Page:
White House And GOP Congressional Leaders Reach Budget Deal | KUOW News and Information

White House And GOP Congressional Leaders Reach Budget Deal

Oct 26, 2015
Originally published on October 27, 2015 2:50 pm

Just days before the election of a new speaker of the House, lame-duck Speaker John Boehner, R-Ohio, made good on one last promise — that he'd try to "clear the barn" for his successor.

In one fell swoop, two thorny issues were crossed off the to-do list: raising the debt ceiling by next Tuesday and coming up with a budget agreement.

Shortly before midnight, the 144-page budget resolution was submitted to the House Rules Committee. The tentative agreement raises federal spending by $80 billion over the next two years, evenly splitting that increase between defense and domestic programs. Some of that is paid for by cuts to Medicare and Social Security disability benefits. Negotiators also agreed to lift the debt ceiling until March 2017.

"This is one of those moments when it's important that leadership step in and take the ball and run with it," said Rep. Steve Womack, R-Ark., in support of the deal.

But as soon as details leaked, many hard-line conservatives objected to being excluded from the negotiations. The deal was reportedly reached in talks that involved only five parties: the top two Republicans in Congress, the top two Democrats and the White House.

"This is what we've been going through for five years," said Rep. Justin Amash, R-Mich., "where the leadership team negotiate a deal without speaking to any members of the [Republican] conference — apparently not even the committee chairmen who are in key positions — and then expect all of us to vote for it."

While Boehner hopes "clearing the barn" will make his successor's job easier, some members of the Republican caucus point out his presumptive heir — Rep. Paul Ryan of Wisconsin — will inherit a deal many Republicans are already grousing about. They say Ryan should have been involved in the negotiations.

But Rep. Bill Flores, R-Texas, said it's better that Ryan's fingerprints are missing from this budget deal.

"I think this somewhat insulates Paul [Ryan]," said Flores. "But I still believe if there's somebody that doesn't like this and they're passionate about it, that they'll take out their feelings on Paul."

The House could vote on this budget agreement as soon as Wednesday — the same day Republicans are expected to officially nominate Ryan as the next speaker.

Copyright 2015 NPR. To see more, visit http://www.npr.org/.

Transcript

STEVE INSKEEP, HOST:

Hey, Congressional leaders reached a budget deal. It sets federal spending until after the next presidential election. It even raises the federal debt limit. And it's all happening somewhat less disastrously close to the deadline than normal. The U.S. is weeks away from a possible government shutdown. The U.S. is days away from reaching the federal debt limit. So rather than an 11th-hour agreement as in some other budget battles, this agreement came about, say, 10:59, assuming it passes. Of course, another deadline was looming - the retirement of John Boehner as speaker. Lawmakers and the White House were eager to finish this business and avoid the risk that a deal would grow harder to achieve. NPR's Ailsa Chang reports.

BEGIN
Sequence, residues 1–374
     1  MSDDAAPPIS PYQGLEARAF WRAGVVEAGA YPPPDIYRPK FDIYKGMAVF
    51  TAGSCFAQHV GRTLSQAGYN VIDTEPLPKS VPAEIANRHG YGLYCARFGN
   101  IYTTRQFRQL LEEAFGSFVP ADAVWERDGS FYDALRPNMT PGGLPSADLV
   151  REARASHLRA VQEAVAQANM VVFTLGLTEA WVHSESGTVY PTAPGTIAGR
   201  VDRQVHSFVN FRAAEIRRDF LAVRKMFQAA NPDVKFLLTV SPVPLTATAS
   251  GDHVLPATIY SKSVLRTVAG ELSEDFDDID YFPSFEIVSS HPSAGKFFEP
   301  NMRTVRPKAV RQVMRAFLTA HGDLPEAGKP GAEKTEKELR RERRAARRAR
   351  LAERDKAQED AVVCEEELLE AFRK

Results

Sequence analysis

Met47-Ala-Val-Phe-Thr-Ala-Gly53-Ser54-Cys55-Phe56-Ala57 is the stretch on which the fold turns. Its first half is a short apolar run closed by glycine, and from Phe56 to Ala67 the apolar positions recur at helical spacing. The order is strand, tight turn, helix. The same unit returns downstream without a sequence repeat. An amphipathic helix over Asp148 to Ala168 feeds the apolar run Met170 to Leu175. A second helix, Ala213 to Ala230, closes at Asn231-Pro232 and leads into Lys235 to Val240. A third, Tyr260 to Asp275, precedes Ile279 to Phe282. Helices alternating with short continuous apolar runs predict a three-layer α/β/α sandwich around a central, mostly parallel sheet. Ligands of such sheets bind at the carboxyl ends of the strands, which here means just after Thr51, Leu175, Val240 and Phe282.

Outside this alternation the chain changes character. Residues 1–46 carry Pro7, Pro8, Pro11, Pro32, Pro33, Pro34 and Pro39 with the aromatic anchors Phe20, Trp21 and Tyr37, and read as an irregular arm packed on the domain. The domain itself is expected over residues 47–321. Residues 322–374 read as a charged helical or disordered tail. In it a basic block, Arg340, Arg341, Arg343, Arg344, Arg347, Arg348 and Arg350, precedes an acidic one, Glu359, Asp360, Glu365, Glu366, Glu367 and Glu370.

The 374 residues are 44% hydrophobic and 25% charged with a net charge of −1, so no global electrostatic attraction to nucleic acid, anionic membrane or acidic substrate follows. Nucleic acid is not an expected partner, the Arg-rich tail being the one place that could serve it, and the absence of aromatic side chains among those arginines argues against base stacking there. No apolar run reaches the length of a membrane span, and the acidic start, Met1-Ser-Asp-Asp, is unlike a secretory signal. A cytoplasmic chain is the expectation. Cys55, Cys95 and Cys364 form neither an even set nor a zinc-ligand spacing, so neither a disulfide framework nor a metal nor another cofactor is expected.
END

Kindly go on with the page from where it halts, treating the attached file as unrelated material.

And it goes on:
AILSA CHANG, BYLINE: Just days before the election of a new speaker of the House, John Boehner made good on one last promise - that he'd try to clear the barn for his successor. In one fell swoop, two thorny issues were crossed off the to-do list - raising the debt ceiling by next Tuesday and coming up with a budget agreement. Steve Womack of Arkansas said a good chunk of his fellow Republicans wanted Boehner to tidy up before his departure.

STEVE WOMACK: There are those in the camp that believe that this is a very complicated time with a lot of deadlines looming for a lot of different things. And this is one of those moments when it's important that leadership step in and take the ball and run with it and try to craft as good a deal as possible.

CHANG: The deal raises federal spending by $80 billion over the next two years, evenly splitting that increase between defense and domestic programs. Some of that is paid for by cuts to Medicare and Social Security disability benefits. Negotiators also agreed to lift the debt ceiling until March 2017. As soon as details leaked, many hard-line conservatives said they weren't going to have this deal shoved down their throats.

JUSTIN AMASH: We're all legislators. We're supposed to be part of the process.

CHANG: Republican Justin Amash of Michigan pointed out the agreement was negotiated by only five parties - the top two Republicans in Congress, the top two Democrats and the White House.

AMASH: This is what we've been going through for five years, where the leadership team negotiated a deal without speaking to any members of the conference - apparently not even the committee chairman who are in key positions - and then expect all of us to vote for it.

CHANG: While Boehner hopes clearing the barn will make his successor's job easier, some members of his caucus point out his presumptive heir, Wisconsin's Paul Ryan, will inherit a deal many Republicans are already grousing about, so they say Ryan should have been involved in the negotiations. But Bill Flores of Texas says it's better that Ryan's fingerprints are missing from this budget deal.

BILL FLORES: I think this somewhat insulates Paul. But I still believe if there's somebody that doesn't like this and they're passionate about it, that they'll take out their feelings on Paul.

CHANG: The House could vote on this budget agreement as soon as Wednesday, the same day Republicans are expected to officially nominate Ryan as the next speaker. Ailsa Chang, NPR News, the Capitol. Transcript provided by NPR, Copyright NPR.